Albuquerque priest discusses Ukraine crisis

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ALBUQUERQUE, N.M. — A local priest says he’s torn between his new home here in Albuquerque and his homeland of Ukraine.

Father Artur Bubnevych has been serving as a priest for the Byzantine Catholic Church of America for the last nine years, but before that, he grew up in the Soviet Union.

"When the Soviet Union fell apart, I thought it would never come back," Bubnevych said. "I really never even imagined something like that was coming back."

When he first arrived in the U.S., tensions back in Ukraine were already high.

"At that time, I thought it was good that I left Ukraine because it was kind of a mess," Bubnevych said. "I left three months before the wars started in eastern Ukraine. I left in the fall of 2013 and three months after, there were strikes and riots in Kiev."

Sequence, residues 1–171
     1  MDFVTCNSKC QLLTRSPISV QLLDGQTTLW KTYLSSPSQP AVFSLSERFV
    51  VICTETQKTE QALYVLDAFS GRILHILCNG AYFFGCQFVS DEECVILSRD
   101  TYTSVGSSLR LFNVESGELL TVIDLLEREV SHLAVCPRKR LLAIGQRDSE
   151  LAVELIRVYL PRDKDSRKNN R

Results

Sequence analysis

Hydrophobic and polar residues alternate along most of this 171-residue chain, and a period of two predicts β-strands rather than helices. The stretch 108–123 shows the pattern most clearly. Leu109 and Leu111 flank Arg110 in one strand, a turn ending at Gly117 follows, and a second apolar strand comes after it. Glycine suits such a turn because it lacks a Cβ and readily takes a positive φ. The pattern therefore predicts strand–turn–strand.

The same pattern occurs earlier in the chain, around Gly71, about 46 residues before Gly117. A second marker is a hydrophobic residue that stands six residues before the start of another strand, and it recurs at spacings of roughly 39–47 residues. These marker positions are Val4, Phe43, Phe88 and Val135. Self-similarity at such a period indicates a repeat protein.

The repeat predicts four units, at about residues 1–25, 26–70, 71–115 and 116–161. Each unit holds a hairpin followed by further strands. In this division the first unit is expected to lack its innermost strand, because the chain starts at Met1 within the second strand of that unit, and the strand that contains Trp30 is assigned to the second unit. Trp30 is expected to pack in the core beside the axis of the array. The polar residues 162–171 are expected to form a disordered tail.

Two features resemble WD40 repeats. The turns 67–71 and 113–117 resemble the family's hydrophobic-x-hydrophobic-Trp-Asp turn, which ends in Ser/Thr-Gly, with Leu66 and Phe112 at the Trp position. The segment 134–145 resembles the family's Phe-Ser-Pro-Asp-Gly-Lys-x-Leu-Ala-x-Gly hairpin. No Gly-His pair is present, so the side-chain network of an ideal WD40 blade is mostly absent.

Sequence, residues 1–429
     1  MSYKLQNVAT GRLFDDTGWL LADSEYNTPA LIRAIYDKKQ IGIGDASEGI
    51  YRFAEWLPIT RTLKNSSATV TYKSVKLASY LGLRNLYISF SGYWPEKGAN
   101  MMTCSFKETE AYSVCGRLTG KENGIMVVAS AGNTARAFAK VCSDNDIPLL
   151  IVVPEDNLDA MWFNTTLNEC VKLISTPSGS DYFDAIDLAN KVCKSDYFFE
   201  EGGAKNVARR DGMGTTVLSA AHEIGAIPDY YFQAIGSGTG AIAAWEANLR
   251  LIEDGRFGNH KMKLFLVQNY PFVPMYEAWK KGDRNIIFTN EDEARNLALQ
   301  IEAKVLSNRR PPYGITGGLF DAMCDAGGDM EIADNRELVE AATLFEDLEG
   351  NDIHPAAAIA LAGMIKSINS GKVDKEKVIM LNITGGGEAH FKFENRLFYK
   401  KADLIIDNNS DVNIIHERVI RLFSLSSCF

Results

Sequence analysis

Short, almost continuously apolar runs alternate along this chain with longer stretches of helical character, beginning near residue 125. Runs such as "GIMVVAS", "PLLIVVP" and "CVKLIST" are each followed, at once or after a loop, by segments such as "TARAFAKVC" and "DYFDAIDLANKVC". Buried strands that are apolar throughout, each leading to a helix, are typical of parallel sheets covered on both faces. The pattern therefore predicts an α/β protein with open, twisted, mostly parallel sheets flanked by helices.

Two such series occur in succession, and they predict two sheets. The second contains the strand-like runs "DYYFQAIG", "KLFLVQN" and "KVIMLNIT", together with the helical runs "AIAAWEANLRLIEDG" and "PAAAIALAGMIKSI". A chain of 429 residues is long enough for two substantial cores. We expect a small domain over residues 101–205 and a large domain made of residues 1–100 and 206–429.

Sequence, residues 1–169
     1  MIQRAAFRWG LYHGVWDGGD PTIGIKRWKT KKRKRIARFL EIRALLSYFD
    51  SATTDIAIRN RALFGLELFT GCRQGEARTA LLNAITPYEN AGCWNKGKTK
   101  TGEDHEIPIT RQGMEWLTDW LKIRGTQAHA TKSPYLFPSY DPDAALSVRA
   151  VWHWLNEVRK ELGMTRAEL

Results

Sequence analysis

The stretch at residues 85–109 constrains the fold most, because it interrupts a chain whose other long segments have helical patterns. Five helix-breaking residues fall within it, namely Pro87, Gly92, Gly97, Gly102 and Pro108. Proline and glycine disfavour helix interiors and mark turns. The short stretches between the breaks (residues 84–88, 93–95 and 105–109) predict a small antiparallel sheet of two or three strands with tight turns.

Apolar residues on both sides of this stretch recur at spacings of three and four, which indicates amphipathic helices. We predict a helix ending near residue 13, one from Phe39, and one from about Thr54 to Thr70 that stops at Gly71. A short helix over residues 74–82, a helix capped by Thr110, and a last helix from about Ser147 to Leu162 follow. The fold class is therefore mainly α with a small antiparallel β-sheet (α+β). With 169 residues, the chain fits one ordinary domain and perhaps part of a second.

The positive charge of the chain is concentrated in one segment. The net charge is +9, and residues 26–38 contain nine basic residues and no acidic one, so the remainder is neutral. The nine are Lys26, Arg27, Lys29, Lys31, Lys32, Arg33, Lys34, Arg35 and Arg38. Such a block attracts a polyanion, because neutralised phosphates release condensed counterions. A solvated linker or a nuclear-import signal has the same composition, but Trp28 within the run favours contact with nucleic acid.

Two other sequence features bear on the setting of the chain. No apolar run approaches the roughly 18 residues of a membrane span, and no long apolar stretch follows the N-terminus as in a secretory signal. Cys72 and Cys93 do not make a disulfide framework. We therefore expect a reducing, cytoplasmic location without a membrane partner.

Nine years later, he says the divide in his homeland has grown.

"Ukraine is divided, Russia’s hand is in Ukraine deep, very deep, so it was always my prayer that life in Ukraine would become better and the Ukrainian state would become more Democratic and more pro-Western," Bubnevych said.

Reaction from New Mexico lawmakers

Gov. Michelle Lujan Grisham tweeted, in part, that "the attack on Ukraine is an attack on democracy and I stand with the president and leaders across the country in condemning President Putin and taking strong action to hold Russia accountable."

U.S. Sen. Martin Heinrich wrote, "We must stay united with our allies in the coming weeks and exact the strongest possible price for Russia’s unjustified aggression and attempt to overthrow Ukraine’s legitimate democracy. Russia will be held accountable."

Sen. Ben Ray Luján issued the following statement, saying, "This violent action is not only an attack on Ukraine, but also an assault on the principles of democracy and a threat to global security."